A decision by the U.S. Postal Service to move a sorting machine from Hampden to Scarborough has local employees worried they’re about to be downsized.
But a Postal Service official said the decision isn’t a reflection of imminent job loss, rather a response to a need for more sorting services in southern Maine.
The mail sorting machine will be moved as soon as next month from the U.S. Postal Service’s Eastern Maine Processing and Distribution Center in Hampden to the state’s only other processing facility in Scarborough.
In 2012, the future of the plant was threatened with a nationwide consolidation plan. Then, U.S. Sens. Susan Collins and Olympia Snowe successfully drafted eleventh-hour legislation to keep the facility open, later securing a promise from the former postmaster general that the facility would remain open for another two years.
Hampden employees and American Postal Workers Union members have asked Collins to intervene again. A dozen employees met with a member of Collins’ staff on Wednesday at her office in the Margaret Chase Smith Federal Building.
“They’re moving so fast, we’re hoping for an injunction to stop this,” said Donald Pomeroy, the Bangor Area Local 536 president.
Senior Clerk Randy Oakstone said the 200-foot-long, 130-bin conveyor sorting machine that processes about 20,000 parcels a day is the “backbone” of the operation and feeds every other machine and piece of equipment in the facility. Without it, the processing facility loses its purpose, which is to process and sort packages for the northern and eastern part of the state. Losing it will delay package delivery, especially to and from rural parts of the state, he said.
A letter dated March 13 from the Northeast Regional Manager provided to the Bangor Daily News confirms the Postal Service’s decision to move the so-called Automated Parcel Bundle Sorter to the Southern Maine Processing and Distribution Center in Scarborough. Multiple employees said they have not heard why the machine is being moved, or whether they should be worried about losing their jobs.
“We don’t know if we’re going to get a machine to replace this one, we don’t know if we’re going to sort by hand, we don’t know if we’re going to get laid off,” said Heather Monroe, a postal support employee and member of the American Postal Workers Union. “We haven’t heard anything from them.”
But Stephen Doherty, Boston-based communications specialist for the Postal Service said the decision to move the machine is not indicative of future downsizing, and that the new configuration won’t impact delivery standards. Doherty could not say whether Hampden will receive a replacement machine.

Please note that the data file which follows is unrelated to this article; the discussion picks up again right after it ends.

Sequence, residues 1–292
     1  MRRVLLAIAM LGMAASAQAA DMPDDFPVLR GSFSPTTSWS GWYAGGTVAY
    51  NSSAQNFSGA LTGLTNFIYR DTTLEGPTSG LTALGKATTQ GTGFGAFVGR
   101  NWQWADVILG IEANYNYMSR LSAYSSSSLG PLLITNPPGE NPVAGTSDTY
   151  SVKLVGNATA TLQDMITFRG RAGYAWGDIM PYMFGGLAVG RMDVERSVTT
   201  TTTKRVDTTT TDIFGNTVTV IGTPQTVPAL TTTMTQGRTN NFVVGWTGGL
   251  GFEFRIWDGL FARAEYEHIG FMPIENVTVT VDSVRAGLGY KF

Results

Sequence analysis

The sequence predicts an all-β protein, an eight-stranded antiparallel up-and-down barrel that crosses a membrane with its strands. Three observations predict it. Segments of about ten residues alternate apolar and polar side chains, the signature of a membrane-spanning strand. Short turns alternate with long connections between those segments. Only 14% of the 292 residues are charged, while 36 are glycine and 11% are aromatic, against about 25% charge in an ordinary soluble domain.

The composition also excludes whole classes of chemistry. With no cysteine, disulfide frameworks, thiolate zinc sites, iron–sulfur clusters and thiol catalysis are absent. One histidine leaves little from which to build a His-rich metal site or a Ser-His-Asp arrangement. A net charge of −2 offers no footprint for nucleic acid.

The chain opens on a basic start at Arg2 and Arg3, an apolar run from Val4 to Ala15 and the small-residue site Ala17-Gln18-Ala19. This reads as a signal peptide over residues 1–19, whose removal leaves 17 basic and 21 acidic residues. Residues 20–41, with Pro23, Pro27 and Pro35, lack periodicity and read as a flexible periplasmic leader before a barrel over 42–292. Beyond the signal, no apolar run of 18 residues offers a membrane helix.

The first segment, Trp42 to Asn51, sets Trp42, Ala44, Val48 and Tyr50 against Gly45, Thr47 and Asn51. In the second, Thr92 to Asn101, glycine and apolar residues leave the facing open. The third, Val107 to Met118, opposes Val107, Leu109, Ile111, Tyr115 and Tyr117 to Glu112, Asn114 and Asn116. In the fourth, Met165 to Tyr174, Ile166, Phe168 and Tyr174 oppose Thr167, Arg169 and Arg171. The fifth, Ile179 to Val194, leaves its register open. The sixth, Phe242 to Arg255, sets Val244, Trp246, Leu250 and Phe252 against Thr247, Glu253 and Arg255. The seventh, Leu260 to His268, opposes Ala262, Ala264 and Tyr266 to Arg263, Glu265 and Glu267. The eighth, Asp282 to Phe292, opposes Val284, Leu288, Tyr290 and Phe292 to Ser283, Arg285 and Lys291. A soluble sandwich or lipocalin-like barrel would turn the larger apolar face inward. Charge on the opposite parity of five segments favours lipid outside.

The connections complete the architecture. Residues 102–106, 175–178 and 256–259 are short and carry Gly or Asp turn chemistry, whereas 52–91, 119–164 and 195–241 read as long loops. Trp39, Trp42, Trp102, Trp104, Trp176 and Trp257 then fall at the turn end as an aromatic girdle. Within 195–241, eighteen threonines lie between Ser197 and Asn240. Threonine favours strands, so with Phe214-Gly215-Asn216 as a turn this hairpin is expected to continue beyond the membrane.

“There are no plans to reduce the number of full-time positions right now in Hampden,” Doherty said. “It’s not a precursor to any type of closing or aimed at reducing staff,” but a way to “better serve the customers in Maine, New Hampshire and Vermont.”
Doherty said moving the machine more than 130 miles south will not slow down package delivery for the rest of the state, but could not say how the Hampden facility would make up for lost time without its primary sorting machine.
The processing facility in Portsmouth, New Hampshire experienced a similar problem in 2011, Oakstone said. First the facility’s sorting machines were relocated to Manchester, followed by a total consolidation of services. The regional district manager at the time cited a decline in the volume of mail and cost savings as reasons for consolidation.
Oakstone is worried the same might happen in Hampden.
“This is consolidation through another name, and they’re doing it incrementally by taking the backbone [and] then incrementally farming out all the jobs,” he said.
Concerned about the prospect of losing jobs and sagging delivery standards, Collins sent a letter to Postmaster General Megan Brennan on Friday, April 6.
“USPS staff indicate that the machine is being moved to better serve the postal customers in Maine, New Hampshire, and Vermont. I am concerned, however, that customers throughout much of Maine will actually experience a degradation of their current delivery service if the APBS machine is removed from [Hampden],” the senator wrote.
Collins said many of her constituents in rural parts of Maine “who must travel long distances to reach brick and mortar stores or service centers, have come to rely on e-commerce and the USPS for delivery of a variety of items, including basic household goods and prescription medications.”
“Reducing service should be the last resort, not the first option,” Collins said, requesting a response by Friday, April 20.
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